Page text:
The UK government is drafting a legislation that would allow the government to establish an internet regulation that would make tech firms liable for the content that they publish on their platforms and retain the power to sanction those companies that fail to take down illegal material and content that can propagate hate within hours.
The The UK government will publish a White paper that layouts its proposal to create a regulatory body similar to Ofcom (a body that regulates broadcasters and telecoms companies)
The White paper is recommended to reform electoral law for the digital age and will include the rules and responsibilities about advertising on political matters, enable greater transparency around online advertising, allow the body to forcibly remove websites that contain hate speech under a certain time period and punish them with various penalties.
Apart from hate speech they seek to punish social networks that have terror content and distribute child abuse images. They will also review and restrict advertisements for food products that contain high doses of salt, fat or sugar.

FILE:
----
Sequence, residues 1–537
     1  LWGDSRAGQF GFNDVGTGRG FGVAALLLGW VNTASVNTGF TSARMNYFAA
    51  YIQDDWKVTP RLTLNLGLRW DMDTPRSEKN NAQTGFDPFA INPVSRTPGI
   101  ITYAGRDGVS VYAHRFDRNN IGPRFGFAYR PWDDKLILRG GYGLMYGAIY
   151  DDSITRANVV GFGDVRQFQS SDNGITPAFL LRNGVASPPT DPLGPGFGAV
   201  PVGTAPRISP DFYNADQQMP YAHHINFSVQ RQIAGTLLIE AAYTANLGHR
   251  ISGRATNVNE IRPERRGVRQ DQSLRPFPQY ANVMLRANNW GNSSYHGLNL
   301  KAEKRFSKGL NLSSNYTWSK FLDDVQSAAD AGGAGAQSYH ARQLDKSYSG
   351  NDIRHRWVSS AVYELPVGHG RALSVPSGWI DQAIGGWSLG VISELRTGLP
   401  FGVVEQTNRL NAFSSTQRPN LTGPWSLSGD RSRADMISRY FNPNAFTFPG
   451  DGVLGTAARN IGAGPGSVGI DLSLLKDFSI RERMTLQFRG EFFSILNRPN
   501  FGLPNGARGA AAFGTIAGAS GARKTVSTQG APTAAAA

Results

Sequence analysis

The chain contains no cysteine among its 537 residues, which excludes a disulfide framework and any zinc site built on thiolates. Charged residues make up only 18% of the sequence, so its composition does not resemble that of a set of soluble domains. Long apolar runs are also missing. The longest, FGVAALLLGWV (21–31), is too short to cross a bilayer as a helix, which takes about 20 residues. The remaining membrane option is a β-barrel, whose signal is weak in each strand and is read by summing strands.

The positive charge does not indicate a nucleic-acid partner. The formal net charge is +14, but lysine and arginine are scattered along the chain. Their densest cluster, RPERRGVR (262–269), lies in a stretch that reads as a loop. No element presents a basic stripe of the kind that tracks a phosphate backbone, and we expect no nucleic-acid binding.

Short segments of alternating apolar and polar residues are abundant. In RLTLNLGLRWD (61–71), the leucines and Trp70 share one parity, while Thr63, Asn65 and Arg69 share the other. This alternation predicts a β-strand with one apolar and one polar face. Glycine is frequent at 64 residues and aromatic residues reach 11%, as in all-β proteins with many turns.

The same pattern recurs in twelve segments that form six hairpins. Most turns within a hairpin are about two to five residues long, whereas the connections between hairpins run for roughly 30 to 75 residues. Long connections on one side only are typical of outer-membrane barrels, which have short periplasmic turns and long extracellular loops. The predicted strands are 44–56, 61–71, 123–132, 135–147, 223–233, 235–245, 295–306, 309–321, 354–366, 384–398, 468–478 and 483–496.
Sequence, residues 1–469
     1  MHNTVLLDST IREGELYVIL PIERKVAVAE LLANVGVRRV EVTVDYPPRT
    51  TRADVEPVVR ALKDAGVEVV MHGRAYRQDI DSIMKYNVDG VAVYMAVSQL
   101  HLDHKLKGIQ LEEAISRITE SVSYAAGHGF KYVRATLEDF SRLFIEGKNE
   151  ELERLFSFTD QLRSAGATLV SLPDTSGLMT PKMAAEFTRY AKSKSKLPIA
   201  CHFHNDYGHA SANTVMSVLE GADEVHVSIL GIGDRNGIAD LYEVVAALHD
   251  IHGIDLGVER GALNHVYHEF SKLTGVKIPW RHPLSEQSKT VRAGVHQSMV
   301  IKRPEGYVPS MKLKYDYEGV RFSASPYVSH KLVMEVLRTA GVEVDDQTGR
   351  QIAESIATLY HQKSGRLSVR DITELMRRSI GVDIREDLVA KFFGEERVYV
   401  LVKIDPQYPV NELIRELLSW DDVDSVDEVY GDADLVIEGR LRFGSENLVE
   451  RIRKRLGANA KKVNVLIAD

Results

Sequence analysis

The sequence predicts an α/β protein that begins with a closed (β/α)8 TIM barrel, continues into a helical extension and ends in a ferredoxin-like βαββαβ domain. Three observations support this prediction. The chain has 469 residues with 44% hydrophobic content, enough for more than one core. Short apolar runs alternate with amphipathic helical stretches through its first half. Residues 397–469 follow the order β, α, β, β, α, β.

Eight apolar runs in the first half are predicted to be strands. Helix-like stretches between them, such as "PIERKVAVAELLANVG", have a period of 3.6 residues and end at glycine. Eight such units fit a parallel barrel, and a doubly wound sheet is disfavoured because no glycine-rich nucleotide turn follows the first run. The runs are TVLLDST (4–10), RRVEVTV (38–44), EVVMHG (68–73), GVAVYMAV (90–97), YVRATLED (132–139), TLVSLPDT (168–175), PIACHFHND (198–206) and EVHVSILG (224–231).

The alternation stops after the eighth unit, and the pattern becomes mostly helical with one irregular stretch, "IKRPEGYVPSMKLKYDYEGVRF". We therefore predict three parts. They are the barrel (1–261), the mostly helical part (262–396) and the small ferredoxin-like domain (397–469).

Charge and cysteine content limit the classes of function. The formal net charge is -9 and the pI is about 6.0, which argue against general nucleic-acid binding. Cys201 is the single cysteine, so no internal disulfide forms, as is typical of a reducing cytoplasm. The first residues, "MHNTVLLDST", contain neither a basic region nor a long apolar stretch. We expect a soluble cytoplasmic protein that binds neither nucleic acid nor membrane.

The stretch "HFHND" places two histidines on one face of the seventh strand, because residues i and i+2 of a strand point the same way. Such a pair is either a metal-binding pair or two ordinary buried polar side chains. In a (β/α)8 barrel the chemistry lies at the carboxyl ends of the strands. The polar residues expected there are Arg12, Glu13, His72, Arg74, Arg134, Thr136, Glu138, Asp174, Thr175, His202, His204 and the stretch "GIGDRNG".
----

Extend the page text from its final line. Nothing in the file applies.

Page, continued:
There was a promise made to regulate the Internet but got buried in the Conversative’s manifesto developed for last year’s election. “Some people say that it is not for government to regulate when it comes to technology and the internet,” the manifesto stated. “We disagree.” The government is still considering all options and determining their power to enforce the recommendations detailed in the White paper.
Ofcom had called upon several tech companies to be regulated in the same way they regulate mobile phones and said “The boundaries between broadcasting and the online world are being redrawn. This has implications for the public’s understanding of what protections apply online, versus traditional media,” White said, arguing that “certain principles from broadcasting regulation could be relevant as policymakers consider issues around online protection”.
“This winter we will publish a White Paper, setting out new laws to tackle the full range of online harms and set clear responsibilities for tech companies to keep UK citizens safe,” they said. “We are considering all options, including what legislation will be necessary and whether a regulator is needed.” a government spokesperson mentioned to news agencies that the paper will published in Winter of this year.